We would suggest having a discussion with your teen on what his motivations are, and the reasons behind his behaviour. Then you could using positive consequences to encourage him to join in these voluntary activities. Another way you can find out about these voluntary activities in school is to check directly with the Teacher. If your son does not want to participate in these activities, you could try exploring other activities of interest together at community centres or doing workshops at external art studios or organisations.
4. Dear Trainer, My kid is more on the heavy side, and sometimes other kids laugh at her. How can I teach her to manage such difficult situations? — Concerned Parent
Dear Concerned Parent,
It is not at all nice to be teased for one’s appearance, whether weight, height or facial features. A common response to being teased for one’s weight is to feel upset, leading to anger and a dent in one’s self-esteem. If your child gets angry with the other kids, you can have discussions with her on how she can manage her emotions during such situations.
Here is our suggestion for a discussion with your daughter:
Step 1: Identify which situation triggers her anger or frustration
Step 2: Identify signs of anger or the emotion before it fully unfolds— it could be a clenched jaw or fist, ears feeling hot or furrowed eyebrows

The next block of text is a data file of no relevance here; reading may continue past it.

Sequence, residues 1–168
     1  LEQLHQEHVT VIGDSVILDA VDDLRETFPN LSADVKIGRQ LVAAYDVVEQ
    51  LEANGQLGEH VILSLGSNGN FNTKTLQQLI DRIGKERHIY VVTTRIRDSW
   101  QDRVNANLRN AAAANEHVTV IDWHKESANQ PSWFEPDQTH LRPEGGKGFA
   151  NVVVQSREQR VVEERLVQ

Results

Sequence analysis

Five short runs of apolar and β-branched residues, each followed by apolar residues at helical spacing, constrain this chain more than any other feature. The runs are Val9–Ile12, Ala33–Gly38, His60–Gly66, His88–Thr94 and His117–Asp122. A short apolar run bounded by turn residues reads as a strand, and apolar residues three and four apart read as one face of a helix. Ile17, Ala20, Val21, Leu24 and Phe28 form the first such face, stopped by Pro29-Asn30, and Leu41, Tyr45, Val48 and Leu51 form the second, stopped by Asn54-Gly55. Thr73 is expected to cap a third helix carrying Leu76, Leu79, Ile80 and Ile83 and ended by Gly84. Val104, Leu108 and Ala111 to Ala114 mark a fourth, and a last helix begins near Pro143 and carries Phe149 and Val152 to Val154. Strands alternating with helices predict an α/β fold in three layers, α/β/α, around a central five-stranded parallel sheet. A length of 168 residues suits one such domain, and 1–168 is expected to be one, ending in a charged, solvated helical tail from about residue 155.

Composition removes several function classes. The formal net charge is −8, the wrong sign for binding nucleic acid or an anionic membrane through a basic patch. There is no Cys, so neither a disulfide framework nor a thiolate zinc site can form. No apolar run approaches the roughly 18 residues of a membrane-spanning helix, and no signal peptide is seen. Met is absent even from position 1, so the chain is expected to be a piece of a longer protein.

Step 3: Identify what your child can do to effectively cope with her anger— try taking 10 slow, deep breaths, or imagining a calm scene like a peaceful beach
5. Dear Trainer, Will dishing out negative consequences frequently (not intentionally but because the child repeatedly breaks ground rules) undermine positive parenting? — Balanced Papa
Dear Balanced Papa,
With Triple P, we encourage parents to start with positive affirmations and rewards to reinforce appropriate behaviour. Only when your child displays repeated inappropriate behaviour even after discussions and coaching, do we use negative consequences.
Besides looking for the final outcomes to praise or reward your child, do look for opportunities to praise and acknowledge when your child tries to make any effort to behave as expected. You will be able to give more positive consequences to your child if you catch him or her doing right (look for the effort and process) rather than the final outcome or result as this may not come so quickly.
As long as your child understands that you love them and want the best for them, the negative consequence should not lessen the positive parenting that helps to build up your relationship.
6. Dear Trainer, When do we employ the traditional caning as a form of discipline, and should we do it in the first place? — Positive Parent
Dear Positive Parent,
With Triple P, we do not encourage the use of caning as a form of discipline. We would always recommend parents to try other effective alternative consequences instead, such as hearing out your child before giving meaningful related consequences for misbehaviour, stating clearly your expected behaviour and using effective praise when your child follows through with the positive behaviour.